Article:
Hawaii: One of the best places to see the Venus transit

Once every 100 years the Venus transit can be seen from Earth

 UPDATED 1:38 PM HST Jun 05, 2012
HONOLULU -

Hawaii will be one of the best spots to see the transit of Venus this Tuesday.

It is a rare planetary phenomenon where those on Earth can view the planet Venus trek across the sun.

Mike Shanahan from the Bishop Museum said, "Although Venus goes between the earth and the sun more than once a year, it’s usually right above the sun or right below the sun.  So only roughly every century or so is Venus in the right position to be seen crossing the sun’s disk."

The event is so rare, the Bishop Museum, which is normally closed on Tuesdays, is hosting an open house just for the Venus transit.

Shanahan says he's gotten phone calls from far away as Tennessee interested in viewing the astronomical wonder.

You can view Venus’s transit between 12:09 p.m. to 6:42 p.m. Tuesday.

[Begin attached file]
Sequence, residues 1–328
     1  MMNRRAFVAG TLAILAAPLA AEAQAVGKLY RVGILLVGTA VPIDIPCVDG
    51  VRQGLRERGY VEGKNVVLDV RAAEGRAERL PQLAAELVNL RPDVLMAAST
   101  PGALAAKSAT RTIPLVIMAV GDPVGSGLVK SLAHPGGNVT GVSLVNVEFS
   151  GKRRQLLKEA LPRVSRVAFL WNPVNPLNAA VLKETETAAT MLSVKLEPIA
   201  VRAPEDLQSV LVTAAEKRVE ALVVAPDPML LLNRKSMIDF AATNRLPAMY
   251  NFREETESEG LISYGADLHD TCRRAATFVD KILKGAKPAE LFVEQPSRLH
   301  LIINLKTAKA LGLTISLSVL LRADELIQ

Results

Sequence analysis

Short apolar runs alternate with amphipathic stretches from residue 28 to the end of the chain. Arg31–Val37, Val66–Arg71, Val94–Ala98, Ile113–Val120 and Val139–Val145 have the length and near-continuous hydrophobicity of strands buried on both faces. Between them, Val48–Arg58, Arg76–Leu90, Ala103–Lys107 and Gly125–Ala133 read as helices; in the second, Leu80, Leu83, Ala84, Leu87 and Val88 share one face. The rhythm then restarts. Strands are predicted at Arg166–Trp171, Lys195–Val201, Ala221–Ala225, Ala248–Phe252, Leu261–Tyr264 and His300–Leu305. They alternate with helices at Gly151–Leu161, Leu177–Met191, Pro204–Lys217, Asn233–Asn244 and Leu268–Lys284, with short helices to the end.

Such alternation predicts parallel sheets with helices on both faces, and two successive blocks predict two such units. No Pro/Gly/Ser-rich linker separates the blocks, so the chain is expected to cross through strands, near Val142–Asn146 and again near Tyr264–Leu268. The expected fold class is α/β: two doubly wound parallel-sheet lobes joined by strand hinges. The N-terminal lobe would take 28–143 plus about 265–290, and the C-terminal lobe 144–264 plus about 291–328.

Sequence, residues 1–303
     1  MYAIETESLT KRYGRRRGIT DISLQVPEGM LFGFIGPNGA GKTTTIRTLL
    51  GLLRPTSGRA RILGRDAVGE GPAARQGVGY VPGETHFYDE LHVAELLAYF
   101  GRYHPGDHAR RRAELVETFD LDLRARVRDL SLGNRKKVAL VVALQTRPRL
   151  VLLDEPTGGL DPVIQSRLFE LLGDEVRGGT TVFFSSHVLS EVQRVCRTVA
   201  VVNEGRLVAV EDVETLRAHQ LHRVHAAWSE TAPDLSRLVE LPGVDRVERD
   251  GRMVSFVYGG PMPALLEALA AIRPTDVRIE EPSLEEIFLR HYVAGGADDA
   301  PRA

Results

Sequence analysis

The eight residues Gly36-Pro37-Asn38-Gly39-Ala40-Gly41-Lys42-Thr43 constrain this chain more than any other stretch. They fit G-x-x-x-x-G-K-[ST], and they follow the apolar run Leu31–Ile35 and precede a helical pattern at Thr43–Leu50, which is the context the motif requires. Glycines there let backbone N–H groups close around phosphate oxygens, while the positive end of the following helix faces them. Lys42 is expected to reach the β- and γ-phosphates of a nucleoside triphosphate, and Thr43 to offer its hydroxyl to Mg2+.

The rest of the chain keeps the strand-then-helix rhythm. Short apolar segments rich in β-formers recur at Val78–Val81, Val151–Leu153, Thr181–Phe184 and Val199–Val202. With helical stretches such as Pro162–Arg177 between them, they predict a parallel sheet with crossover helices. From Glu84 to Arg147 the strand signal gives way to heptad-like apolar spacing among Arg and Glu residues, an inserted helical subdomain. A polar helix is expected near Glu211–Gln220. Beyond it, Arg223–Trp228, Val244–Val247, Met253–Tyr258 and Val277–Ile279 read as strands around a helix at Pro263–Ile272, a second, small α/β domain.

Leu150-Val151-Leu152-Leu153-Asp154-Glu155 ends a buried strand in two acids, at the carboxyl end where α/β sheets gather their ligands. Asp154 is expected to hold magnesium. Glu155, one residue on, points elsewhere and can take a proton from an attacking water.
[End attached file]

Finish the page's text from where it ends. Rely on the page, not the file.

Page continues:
Never look directly at the sun without proper eye protection.  Sunglasses do not provide enough protection.

The University of Hawaii at Manoa will be hosting viewing sites on Oahu.  They include Waikiki at the end of Kalakaua Avenue, the Pacific Aviation Museum Pearl Harbor and the Ko Olina resort at Lagoon 4.

Chaminade University will also be offering a special viewing of the transit of Venus Tuesday from 12 p.m. to 4 p.m. at Wiegand Observatory next to Kieffer Hall near the top of the campus on Waialae Avenue.

Leeward Community College is planning a free event.

On the Big Island, the Imiloa Astronomy Center on the Big Island will have an event Tuesday along with the Mauna Kea Visitor Information Station.

The next time Venus will cross the sun will be in 2117.

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